A pop-up window will appear. This window contains a text box and a Run button that allows you to type in the desired command and to execute it. The first command you need to issue is the register install command. Type in the command and click the Run button. No message will be displayed in the window. This command will install MSMQ (as a device driver) on your device.

Run the following commands in the given order next (one after the other):

MSMQ Command Name

Purpose

register

You will need to run the register command one more time (without the install keyword) to create the MSMQ configuration keys in the registry.

enable binary

This command enables the proprietary MSMQ binary protocol to send messages to remote queues.

enable srmp

This command enables SRMP (SOAP Reliable Messaging Protocol), for sending messages to remote queues over HTTP.

start

This command starts the MSMQ service

 

Verify that the MSMQ service has been installed successfully by clicking on the Shortcuts button and then clicking the Verify button in the ensuing pop-up window. You will be presented with a pop-up dialog as shown in the following screenshot:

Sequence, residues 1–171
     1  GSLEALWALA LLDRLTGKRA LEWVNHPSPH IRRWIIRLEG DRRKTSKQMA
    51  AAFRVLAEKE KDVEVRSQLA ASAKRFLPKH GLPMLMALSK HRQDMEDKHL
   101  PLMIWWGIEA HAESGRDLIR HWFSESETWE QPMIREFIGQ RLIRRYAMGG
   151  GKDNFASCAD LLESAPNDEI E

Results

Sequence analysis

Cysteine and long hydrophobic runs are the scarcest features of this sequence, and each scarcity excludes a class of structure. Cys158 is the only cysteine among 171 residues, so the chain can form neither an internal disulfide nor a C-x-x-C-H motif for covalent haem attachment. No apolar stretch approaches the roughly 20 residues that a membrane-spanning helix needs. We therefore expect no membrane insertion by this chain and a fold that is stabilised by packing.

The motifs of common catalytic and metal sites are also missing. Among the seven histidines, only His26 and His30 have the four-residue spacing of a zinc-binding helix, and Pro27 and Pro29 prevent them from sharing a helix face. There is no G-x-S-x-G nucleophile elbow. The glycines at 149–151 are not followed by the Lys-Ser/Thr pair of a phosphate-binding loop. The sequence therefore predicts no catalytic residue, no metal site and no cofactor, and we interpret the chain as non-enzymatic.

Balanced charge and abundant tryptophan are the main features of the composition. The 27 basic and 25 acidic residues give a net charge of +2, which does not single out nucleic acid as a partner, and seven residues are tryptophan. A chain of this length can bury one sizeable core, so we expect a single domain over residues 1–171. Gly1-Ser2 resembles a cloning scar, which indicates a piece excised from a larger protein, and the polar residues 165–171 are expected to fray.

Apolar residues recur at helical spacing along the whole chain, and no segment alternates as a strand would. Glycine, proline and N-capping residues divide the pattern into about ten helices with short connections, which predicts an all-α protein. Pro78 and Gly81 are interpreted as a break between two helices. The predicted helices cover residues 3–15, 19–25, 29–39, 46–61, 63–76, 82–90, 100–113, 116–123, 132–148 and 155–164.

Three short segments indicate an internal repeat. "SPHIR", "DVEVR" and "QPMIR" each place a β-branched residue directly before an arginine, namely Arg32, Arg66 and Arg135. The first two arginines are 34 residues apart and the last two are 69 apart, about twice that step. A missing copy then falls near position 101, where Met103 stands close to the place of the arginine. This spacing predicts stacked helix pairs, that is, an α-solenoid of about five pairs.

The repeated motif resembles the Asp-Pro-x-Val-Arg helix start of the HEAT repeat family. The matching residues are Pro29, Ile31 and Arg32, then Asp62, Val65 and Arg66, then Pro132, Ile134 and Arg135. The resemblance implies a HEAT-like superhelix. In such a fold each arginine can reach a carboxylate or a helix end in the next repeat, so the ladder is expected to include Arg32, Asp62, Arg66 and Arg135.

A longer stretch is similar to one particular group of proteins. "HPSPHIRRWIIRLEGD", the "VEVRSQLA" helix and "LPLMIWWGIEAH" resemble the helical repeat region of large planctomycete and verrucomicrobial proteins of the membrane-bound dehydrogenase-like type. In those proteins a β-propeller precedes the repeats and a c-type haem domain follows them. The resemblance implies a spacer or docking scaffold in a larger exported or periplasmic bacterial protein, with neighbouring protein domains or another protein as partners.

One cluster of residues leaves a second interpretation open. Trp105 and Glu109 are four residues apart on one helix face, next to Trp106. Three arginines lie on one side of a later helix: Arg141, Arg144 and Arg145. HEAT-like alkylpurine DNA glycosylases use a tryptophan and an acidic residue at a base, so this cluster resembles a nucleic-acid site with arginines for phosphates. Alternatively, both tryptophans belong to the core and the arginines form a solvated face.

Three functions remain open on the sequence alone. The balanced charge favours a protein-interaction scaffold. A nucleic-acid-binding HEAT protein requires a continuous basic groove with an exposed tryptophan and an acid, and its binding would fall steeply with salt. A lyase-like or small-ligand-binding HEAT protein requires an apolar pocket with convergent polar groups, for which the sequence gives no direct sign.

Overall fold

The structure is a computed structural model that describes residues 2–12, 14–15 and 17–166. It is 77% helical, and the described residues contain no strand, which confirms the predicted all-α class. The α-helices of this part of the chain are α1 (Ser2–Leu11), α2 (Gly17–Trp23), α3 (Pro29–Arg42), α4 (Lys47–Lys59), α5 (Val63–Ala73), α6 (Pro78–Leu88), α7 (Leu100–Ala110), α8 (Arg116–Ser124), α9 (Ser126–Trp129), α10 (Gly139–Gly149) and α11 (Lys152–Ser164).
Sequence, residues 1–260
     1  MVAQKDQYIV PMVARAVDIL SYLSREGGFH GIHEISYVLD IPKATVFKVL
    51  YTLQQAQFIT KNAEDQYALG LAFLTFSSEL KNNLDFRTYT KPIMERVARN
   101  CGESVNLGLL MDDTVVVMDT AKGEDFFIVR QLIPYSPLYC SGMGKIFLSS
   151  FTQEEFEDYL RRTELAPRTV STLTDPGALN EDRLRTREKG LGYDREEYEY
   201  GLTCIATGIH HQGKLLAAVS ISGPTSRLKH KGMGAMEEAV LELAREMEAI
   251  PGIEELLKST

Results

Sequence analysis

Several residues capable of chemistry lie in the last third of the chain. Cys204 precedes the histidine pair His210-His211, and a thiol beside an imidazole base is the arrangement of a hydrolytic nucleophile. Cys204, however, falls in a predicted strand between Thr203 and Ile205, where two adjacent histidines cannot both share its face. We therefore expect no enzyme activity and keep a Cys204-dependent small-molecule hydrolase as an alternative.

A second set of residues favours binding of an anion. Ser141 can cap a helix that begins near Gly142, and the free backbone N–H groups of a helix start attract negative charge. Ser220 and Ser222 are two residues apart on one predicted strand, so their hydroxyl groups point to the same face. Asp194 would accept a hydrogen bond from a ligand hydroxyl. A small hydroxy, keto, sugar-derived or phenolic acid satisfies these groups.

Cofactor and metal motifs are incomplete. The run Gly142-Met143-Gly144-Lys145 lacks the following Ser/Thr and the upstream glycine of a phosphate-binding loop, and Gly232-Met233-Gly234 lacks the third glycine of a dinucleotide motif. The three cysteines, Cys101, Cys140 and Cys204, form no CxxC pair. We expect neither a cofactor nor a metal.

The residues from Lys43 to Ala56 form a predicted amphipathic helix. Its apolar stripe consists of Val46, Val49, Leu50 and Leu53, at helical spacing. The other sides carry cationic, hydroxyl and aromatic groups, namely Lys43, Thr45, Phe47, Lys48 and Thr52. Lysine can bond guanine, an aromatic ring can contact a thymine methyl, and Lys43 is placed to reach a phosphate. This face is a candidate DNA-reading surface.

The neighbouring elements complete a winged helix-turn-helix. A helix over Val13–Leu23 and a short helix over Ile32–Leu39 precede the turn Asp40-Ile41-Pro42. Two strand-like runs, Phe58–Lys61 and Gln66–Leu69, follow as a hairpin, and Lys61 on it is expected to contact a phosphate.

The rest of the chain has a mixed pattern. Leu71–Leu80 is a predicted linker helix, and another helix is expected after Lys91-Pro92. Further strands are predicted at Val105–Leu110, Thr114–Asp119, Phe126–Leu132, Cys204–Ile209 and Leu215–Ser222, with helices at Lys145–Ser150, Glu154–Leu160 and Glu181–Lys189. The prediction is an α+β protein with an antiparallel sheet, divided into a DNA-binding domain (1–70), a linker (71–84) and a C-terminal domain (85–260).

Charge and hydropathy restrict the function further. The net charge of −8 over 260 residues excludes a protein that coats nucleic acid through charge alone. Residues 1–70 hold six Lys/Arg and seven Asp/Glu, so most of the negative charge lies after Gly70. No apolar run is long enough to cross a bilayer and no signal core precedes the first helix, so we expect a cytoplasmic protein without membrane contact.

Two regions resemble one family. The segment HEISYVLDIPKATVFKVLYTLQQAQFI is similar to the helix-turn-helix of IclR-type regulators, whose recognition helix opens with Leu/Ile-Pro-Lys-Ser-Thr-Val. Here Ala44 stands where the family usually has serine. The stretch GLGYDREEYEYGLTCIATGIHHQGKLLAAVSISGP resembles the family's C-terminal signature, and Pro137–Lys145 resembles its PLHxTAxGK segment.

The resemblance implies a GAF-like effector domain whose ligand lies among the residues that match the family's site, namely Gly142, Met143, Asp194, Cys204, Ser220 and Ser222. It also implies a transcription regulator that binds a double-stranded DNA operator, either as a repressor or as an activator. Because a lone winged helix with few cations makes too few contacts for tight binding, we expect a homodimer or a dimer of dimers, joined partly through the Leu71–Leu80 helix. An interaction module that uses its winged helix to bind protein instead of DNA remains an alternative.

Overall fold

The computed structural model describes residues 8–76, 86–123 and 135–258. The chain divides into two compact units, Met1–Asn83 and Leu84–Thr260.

MSMQ log information

If you scroll down in this same window above, you will find the Base Dir path, which contains the MSMQ auto-generated log file. This log file, named MQLOGFILE by default, contains useful MSMQ related information and error messages.

After you've done the preceding steps, you will need to do a soft-reset of your device. The MSMQ service will automatically start upon boot up.

.NET Compact Framework 3.5 Data Driven Applications Build robust and feature-rich mobile data-driven applications with the help of real-world examples
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Writing your first MSMQ application

Your first MSMQ application will do something really simple—create a local queue (on the device), send a message to the queue, and then read it back from the queue immediately after.

Create a new Smart Device Application project named SupportCase, and add a new form to your project. Add a reference to the System.Messaging library in your project. This library contains the MSMQ routines.

Create a new class named Generic.cs. This class will contain the initialization routines for MSMQ. Write the following code:

using System;
using System.Windows.Forms;
using System.Messaging;
using System.Runtime.InteropServices;
namespace SupportCase
{
public class Generic
{

//Import the following API functions in CoreDLL.dll
[DllImport("CoreDll.dll")]private static extern int
CloseHandle(IntPtr hProcess);
[DllImport("CoreDll.dll")]private static extern IntPtr
ActivateDevice(string lpszDevKey, int dwClientInfo);